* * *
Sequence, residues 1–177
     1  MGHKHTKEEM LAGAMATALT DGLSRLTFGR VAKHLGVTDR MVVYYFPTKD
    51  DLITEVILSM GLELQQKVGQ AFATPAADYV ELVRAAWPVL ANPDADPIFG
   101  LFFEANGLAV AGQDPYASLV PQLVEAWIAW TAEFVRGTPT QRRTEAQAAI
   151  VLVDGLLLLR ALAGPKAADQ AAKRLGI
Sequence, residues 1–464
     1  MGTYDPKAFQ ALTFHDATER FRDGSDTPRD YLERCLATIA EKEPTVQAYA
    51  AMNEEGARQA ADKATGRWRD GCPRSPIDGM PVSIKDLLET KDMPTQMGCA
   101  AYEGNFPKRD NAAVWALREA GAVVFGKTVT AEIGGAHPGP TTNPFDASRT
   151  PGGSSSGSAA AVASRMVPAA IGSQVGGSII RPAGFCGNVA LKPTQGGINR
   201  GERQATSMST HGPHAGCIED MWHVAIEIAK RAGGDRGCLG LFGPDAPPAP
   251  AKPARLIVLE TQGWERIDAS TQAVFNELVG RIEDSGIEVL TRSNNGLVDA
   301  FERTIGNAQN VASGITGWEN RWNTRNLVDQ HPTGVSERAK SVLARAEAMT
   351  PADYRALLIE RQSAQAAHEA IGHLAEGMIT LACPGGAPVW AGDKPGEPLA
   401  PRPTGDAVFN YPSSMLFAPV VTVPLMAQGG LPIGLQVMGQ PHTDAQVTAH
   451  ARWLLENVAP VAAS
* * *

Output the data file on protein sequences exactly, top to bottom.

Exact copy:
Sequence, residues 1–177
     1  MGHKHTKEEM LAGAMATALT DGLSRLTFGR VAKHLGVTDR MVVYYFPTKD
    51  DLITEVILSM GLELQQKVGQ AFATPAADYV ELVRAAWPVL ANPDADPIFG
   101  LFFEANGLAV AGQDPYASLV PQLVEAWIAW TAEFVRGTPT QRRTEAQAAI
   151  VLVDGLLLLR ALAGPKAADQ AAKRLGI
Sequence, residues 1–464
     1  MGTYDPKAFQ ALTFHDATER FRDGSDTPRD YLERCLATIA EKEPTVQAYA
    51  AMNEEGARQA ADKATGRWRD GCPRSPIDGM PVSIKDLLET KDMPTQMGCA
   101  AYEGNFPKRD NAAVWALREA GAVVFGKTVT AEIGGAHPGP TTNPFDASRT
   151  PGGSSSGSAA AVASRMVPAA IGSQVGGSII RPAGFCGNVA LKPTQGGINR
   201  GERQATSMST HGPHAGCIED MWHVAIEIAK RAGGDRGCLG LFGPDAPPAP
   251  AKPARLIVLE TQGWERIDAS TQAVFNELVG RIEDSGIEVL TRSNNGLVDA
   301  FERTIGNAQN VASGITGWEN RWNTRNLVDQ HPTGVSERAK SVLARAEAMT
   351  PADYRALLIE RQSAQAAHEA IGHLAEGMIT LACPGGAPVW AGDKPGEPLA
   401  PRPTGDAVFN YPSSMLFAPV VTVPLMAQGG LPIGLQVMGQ PHTDAQVTAH
   451  ARWLLENVAP VAAS